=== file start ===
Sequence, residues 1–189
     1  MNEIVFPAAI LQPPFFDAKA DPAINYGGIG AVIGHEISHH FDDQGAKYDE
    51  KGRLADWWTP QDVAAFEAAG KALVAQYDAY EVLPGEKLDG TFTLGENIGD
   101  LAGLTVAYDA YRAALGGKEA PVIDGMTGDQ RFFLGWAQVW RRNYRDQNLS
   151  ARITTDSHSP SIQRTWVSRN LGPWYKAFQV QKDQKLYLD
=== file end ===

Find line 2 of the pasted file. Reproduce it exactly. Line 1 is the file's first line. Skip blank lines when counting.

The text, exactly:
     1  MNEIVFPAAI LQPPFFDAKA DPAINYGGIG AVIGHEISHH FDDQGAKYDE